An international jury of the Nordic Baltic Young Artist Award has made a selection and announced the winners of the award, the Grand Prix goes to Latvian artist Laura Aizporiete for her large scale installation “Garage 119”. The Young Painter Award goes to another Latvian artist Ingrida Ivane for her 4,8 x 6,4 meters massive painting “34 29”.
The winner of the Grand Prix and the Young Painter Award will receive monetary prices of 2000 € and 1000 € accordingly.
NOBA Award (Nordic & Baltic Young Artist Award) is a unique international art competition in the region that involves young talents at the beginning of their professional career. In 2022 the 7th edition of the NOBA Award presented overall 80 emerging artists with 156 artworks from art academies in Latvia, Lithuania, Estonia and Finland.
According to the jury member Andris Vītoliņš, Art Academy of Latvia Vice-rector and the painting department professor, the winners works are impressive already in scale, but also in technical execution.
Founder of the NOBA award Andra Orn adds that usually the competition has been a close contest, but this year both awardees beat others by a significant majority of points. “The jury members saw a general potential in these artists to stand out in the international perspective, dealing with topics and themes that are relevant.”
For Laura Aizporiete, receiving the NOBA Award Grand Prix is not the first significant acknowledgement. In 2022 she graduated Art Academy of Latvia, Visual art department painting faculty with the Vilhelms Purvitis Excellence Award. In 2020 she was nominated for XII Young Painter Prize and 2018 for SEB Painting Prize.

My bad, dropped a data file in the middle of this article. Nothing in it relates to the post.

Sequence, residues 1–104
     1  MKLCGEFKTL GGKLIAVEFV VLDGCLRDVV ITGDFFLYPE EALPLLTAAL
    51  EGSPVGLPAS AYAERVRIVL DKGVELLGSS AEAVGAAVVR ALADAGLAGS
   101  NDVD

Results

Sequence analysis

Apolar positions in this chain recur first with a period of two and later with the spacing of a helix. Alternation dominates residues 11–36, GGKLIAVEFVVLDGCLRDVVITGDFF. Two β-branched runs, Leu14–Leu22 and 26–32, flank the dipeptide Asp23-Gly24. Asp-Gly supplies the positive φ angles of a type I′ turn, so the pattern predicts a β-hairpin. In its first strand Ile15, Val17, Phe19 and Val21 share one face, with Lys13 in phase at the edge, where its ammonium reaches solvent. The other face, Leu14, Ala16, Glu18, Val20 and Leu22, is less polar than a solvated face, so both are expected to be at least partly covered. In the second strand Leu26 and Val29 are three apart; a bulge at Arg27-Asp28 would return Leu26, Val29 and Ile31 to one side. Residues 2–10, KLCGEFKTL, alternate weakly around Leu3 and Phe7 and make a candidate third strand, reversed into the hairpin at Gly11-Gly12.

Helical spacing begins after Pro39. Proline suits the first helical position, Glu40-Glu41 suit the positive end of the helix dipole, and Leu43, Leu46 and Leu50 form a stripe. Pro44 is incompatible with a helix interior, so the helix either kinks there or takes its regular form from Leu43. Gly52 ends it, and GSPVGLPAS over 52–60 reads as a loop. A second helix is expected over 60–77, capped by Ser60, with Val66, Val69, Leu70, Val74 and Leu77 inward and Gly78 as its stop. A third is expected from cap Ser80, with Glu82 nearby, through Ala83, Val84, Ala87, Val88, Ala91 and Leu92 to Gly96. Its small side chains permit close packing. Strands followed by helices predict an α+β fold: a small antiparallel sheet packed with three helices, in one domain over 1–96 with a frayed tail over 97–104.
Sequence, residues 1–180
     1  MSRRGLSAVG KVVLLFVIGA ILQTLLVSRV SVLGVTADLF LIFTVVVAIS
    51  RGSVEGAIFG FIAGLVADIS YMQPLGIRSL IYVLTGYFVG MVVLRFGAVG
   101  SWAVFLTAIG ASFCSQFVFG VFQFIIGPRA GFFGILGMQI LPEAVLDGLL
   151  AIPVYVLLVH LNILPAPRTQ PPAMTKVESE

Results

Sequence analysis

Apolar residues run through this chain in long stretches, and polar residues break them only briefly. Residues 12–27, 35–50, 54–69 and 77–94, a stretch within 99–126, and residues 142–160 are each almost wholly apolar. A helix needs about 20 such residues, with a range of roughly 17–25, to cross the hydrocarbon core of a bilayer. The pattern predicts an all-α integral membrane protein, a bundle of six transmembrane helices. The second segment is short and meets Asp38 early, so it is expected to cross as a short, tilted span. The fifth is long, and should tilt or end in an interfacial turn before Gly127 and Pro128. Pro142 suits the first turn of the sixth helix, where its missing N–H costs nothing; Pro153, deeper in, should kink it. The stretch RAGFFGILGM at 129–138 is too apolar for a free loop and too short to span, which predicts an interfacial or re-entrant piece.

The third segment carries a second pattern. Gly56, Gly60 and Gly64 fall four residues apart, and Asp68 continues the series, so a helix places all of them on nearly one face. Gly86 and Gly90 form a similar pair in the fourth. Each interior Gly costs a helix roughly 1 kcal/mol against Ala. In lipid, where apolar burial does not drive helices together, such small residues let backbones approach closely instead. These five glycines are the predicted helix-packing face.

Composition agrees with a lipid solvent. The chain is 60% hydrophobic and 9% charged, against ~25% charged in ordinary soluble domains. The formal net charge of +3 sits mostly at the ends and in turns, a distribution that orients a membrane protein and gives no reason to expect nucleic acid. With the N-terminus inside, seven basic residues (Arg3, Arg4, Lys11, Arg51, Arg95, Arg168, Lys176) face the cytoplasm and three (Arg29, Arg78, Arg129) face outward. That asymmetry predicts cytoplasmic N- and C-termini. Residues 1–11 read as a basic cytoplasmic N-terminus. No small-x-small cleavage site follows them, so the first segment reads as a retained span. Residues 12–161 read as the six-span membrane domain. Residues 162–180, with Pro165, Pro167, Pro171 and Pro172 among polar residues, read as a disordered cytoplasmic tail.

Laura Aizporiete says that as painting has become the closest and most engaging medium for her, she is trying to distance herself from its most traditional forms. “I believe that paintings can be created by using many different materials, including crystals, dust, rust, wood etc. I am interested in experimenting with various materials, substances, and chemicals, regularly exposing my works to many external unpredictable factors and trying to allow breathing space for unexpected outcomes. As of February 24, when I experienced an emergency evacuation from Kyiv, Ukraine, I have reassessed my interests, priorities and opportunities in art as a form of communication. At the moment I am focusing on memorial art and responsibly socially active art,” she adds.
The winner of the Young Painter Award, painter and textile artist Ingrīda Ivane has held eight solo exhibitions in Estonia and Latvia so far and participated in more than 50 group exhibitions also internationally. For a number of years, she has explored various topics surrounding houses, buildings, and homes and created a range of works from internationally commended tapestries to installations and live painting performances. For the exhibition celebrating the 100th anniversary of the Art Academy of Latvia, she built a separate, enclosed space in the Arsenāls exhibition hall in Riga where she more than two months, painted and repainted the walls using Soviet tones and ornamental motifs before settling for a white exhibition cube where the visitors could peel off the layers of paint covering its walls.
Her latest work, which was submitted to NOBA Award competition, “34 29”, is a 30-square-meter painting aiming to develop a better understanding of what houses mean to people and what it means to lose a home. In her artwork, she used a painting technique she developed to better mimic the way people notice things and form visual memories.
The prize for NOBA Award Public Choice 2022 was handed out a few weeks ago to a Lithuanian artist Laura Marija Salkauskiene for her artwork Emptiness and energy II. The award included a 500 euro monetary prize.
NOBA Award 2022 international jury included the dean of Oslo National Academy of the Arts, art historian and curator Sarah Lookofsky, associate professor at Umeå Academy of Fine Arts Per Nilsson, rector of Iceland University of the Arts Fríða Björk Ingvarsdóttir, Taina Erävaara and Dr. Vesa Taatila from Turku University of Applied Sciences, Anne Klontz from Konstfack University of Arts, Crafts and Design, Andris Vītoliņš from Art Academy of Latvia, Pire Sova, gallerist of Estonian Art Academy, Ieva Skauronė, rector of Vilnius Academy of Arts, lecturer at Uniarts Helsinki Harri Monni, Helsinki Art Museum (HAM) and, Helsinki biennial 2020 head curator Pirkko Siitari and Andra Orn from NOBA.ac.